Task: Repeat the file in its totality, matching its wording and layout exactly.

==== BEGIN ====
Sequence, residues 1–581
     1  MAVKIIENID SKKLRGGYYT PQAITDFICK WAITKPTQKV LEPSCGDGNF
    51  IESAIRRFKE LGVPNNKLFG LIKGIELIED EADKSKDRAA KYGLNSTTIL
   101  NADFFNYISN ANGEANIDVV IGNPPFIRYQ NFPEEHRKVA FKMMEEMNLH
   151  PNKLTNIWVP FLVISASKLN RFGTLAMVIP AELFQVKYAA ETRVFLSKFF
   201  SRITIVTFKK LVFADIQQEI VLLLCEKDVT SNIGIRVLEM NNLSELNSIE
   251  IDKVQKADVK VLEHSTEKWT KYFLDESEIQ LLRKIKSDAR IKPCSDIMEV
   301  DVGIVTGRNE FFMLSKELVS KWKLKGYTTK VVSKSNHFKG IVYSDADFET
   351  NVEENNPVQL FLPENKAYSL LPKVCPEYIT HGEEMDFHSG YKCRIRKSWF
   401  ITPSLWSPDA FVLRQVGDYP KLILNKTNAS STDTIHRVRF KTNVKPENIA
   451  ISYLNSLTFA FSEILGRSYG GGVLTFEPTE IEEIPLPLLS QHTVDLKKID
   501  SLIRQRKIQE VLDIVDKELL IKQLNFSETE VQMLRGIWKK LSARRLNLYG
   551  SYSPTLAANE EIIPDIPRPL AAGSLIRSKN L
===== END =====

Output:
Sequence, residues 1–581
     1  MAVKIIENID SKKLRGGYYT PQAITDFICK WAITKPTQKV LEPSCGDGNF
    51  IESAIRRFKE LGVPNNKLFG LIKGIELIED EADKSKDRAA KYGLNSTTIL
   101  NADFFNYISN ANGEANIDVV IGNPPFIRYQ NFPEEHRKVA FKMMEEMNLH
   151  PNKLTNIWVP FLVISASKLN RFGTLAMVIP AELFQVKYAA ETRVFLSKFF
   201  SRITIVTFKK LVFADIQQEI VLLLCEKDVT SNIGIRVLEM NNLSELNSIE
   251  IDKVQKADVK VLEHSTEKWT KYFLDESEIQ LLRKIKSDAR IKPCSDIMEV
   301  DVGIVTGRNE FFMLSKELVS KWKLKGYTTK VVSKSNHFKG IVYSDADFET
   351  NVEENNPVQL FLPENKAYSL LPKVCPEYIT HGEEMDFHSG YKCRIRKSWF
   401  ITPSLWSPDA FVLRQVGDYP KLILNKTNAS STDTIHRVRF KTNVKPENIA
   451  ISYLNSLTFA FSEILGRSYG GGVLTFEPTE IEEIPLPLLS QHTVDLKKID
   501  SLIRQRKIQE VLDIVDKELL IKQLNFSETE VQMLRGIWKK LSARRLNLYG
   551  SYSPTLAANE EIIPDIPRPL AAGSLIRSKN L